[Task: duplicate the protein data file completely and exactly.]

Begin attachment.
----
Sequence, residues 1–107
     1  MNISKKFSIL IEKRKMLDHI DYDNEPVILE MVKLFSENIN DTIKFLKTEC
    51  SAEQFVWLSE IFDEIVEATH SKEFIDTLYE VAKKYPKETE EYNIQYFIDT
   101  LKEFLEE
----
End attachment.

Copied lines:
Sequence, residues 1–107
     1  MNISKKFSIL IEKRKMLDHI DYDNEPVILE MVKLFSENIN DTIKFLKTEC
    51  SAEQFVWLSE IFDEIVEATH SKEFIDTLYE VAKKYPKETE EYNIQYFIDT
   101  LKEFLEE